Sunday, 13. December 2009
When I read Mizgin’s recent great post about Richard Armitage and his involvement in the Golden Triangle, I rolled my eyes. “Some Daily Kos reader out there,” I thought, “is, at this very moment, shouting ‘conspiracy theory’ at their computer.” The “conspiracy theory” accusation comes up any time a journalist or a whistleblower points out that U.S. officials and agencies have been complicit in the global drug trade. In fact, it has been an effective tool to try and silence truth tellers at least since Alfred McCoy was viciously attacked for writing the Politics of Heroin in Southeast Asia. Never mind the fact that allegations against the Central Intelligence Agency or the State Department have often been vindicated with the passage of time. It just can’t be true that America would support drug lords, can it?
Unfortunately, the answer to that question is a resounding YES, IT CAN. American agencies, including the C.I.A. and the State Department, have given aid and comfort to international drug lords in the past and apparently continue to do so. Just read what the New York Times reported on October 28th about Ahmed Wali Karzai, the brother of Afghan President Hamid Karzai and a known drug dealer, being on the C.I.A. payroll:
The C.I.A.’s practices also suggest that the United States is not doing everything in its power [Emphasis Added] to stamp out the lucrative Afghan drug trade, a major source of revenue for the Taliban.
Gee, do ya think? Any enterprising individual of reasonable intelligence, using a minimum of Google research skills, could have determined that the drug trade out of Afghanistan has skyrocketed since late 2001, shortly after the U.S. removed the Taliban from power and installed Hamid Karzai as its puppet. If the Times had been a little bit bolder, they might have written something like this:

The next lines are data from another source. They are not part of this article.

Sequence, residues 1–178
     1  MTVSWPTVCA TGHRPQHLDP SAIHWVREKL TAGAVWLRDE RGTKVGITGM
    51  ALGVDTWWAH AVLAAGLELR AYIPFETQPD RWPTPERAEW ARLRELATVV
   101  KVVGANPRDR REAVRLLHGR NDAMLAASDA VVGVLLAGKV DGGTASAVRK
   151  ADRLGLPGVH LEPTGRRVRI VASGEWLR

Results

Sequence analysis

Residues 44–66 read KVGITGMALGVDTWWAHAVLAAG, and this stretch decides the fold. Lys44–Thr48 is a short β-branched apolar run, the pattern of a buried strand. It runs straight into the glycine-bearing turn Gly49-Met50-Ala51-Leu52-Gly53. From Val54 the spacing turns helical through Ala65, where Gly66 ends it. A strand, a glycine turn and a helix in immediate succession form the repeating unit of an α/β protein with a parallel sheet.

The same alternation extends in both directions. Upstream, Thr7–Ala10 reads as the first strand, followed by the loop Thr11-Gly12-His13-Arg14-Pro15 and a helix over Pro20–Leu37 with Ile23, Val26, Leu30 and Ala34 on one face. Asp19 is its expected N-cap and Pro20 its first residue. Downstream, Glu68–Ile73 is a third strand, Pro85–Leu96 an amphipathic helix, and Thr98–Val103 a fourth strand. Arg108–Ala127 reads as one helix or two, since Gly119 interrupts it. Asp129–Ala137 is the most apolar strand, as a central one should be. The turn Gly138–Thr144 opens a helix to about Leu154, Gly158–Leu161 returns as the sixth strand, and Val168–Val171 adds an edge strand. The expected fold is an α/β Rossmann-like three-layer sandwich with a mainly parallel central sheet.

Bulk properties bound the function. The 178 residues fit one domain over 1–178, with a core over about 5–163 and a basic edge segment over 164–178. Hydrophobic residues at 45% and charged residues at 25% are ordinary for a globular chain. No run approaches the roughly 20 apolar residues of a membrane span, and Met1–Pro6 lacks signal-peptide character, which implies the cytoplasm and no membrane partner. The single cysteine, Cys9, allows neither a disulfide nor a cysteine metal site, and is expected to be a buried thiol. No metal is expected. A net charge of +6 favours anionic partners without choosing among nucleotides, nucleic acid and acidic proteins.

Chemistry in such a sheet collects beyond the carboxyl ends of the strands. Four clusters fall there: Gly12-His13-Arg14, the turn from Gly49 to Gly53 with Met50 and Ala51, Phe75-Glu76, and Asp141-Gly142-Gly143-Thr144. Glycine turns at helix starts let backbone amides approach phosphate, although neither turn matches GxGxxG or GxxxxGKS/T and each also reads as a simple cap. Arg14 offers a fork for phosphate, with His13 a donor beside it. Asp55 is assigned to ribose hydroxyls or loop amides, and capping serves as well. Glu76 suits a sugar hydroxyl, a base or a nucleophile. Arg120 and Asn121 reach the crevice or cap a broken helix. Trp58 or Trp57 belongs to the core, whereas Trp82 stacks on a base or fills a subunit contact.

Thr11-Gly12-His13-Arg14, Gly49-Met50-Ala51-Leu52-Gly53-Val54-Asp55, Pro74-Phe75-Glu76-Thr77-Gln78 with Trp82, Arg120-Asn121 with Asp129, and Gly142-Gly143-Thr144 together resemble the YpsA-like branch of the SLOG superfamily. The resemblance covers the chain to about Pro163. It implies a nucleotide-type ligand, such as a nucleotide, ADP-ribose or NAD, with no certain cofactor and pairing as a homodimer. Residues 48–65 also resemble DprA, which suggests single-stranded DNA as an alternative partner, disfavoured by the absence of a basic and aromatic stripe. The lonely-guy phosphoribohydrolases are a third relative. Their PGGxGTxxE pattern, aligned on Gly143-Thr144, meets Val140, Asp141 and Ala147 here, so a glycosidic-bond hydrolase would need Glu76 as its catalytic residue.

The C.I.A is complicit in the illegal drug trade in Afghanistan, but this should surprise no one, as a peek at the historical record demonstrates drug complicity has become routine. Just look at these facts:
1950s, Southeast Asia: The C.I.A. supports the Kuomanting (KMT) drug running in Burma.
1960s-1970s, Vietnam-Laos: Richard Armitage, Ted Shackley and Thomas Clines finance a portion of the Phoenix Program in Vietnam through the Southeast Asian heroin trade.
1980s, Southwest Asia: The C.I.A. supports Afghan rebels, many of whom, along with the Pakistani ISI, are known to be deeply involved in opium and heroin trade.
1980s, Latin America: The U.S. backs Contras, even though cocaine turns out to be a key source of their funding, and Panama dictator Manuel Noriega, also tied to the drug trade. Also in this time period, Drug Enforcement Agency (DEA) Agent Michael Levine claims Attorney General Edwin Meese blew the cover of a DEA team investigating drug corruption at the highest levels of the U.S. government.
1990s, Burma: DEA Agent Richard Horn, whose case was recently settled with the Justice Department, is spied on by the State Department and C.I.A., apparently because Horn was being too aggressive in trying to shut down the opium trade from Burma.
1996-2002: Sibel Edmonds testifies that criminal elements in Turkey tied to the drug trade, with knowledge and acquiescence of the State Department, bring drugs into the U.S. and Europe.
None of these past Agency misdeeds were mentioned by the Times to give its story context. The reason for these omissions is obvious: the Times or someone in the American government had an axe to grind either with the C.I.A. or the Karzai government itself, and the story was only trotted out because it was convenient for the moment. A few months from now, if some really enterprising journalists accuse the U.S. government of aiding the Afghan opium trade, the major newspapers will likely ignore them, or, worse, accuse them of being conspiracy mongers. This is exactly how our trusted mainstream press has treated C.I.A. drug stories in the past: When it is convenient to promote one of their pet agendas, the establishment media admit the shocking facts. Then, when it is no longer serving its purposes, the same press turns around and marginalizes anyone repeating the same. Take the example of Oliver North, Gary Webb, and the Washington Post.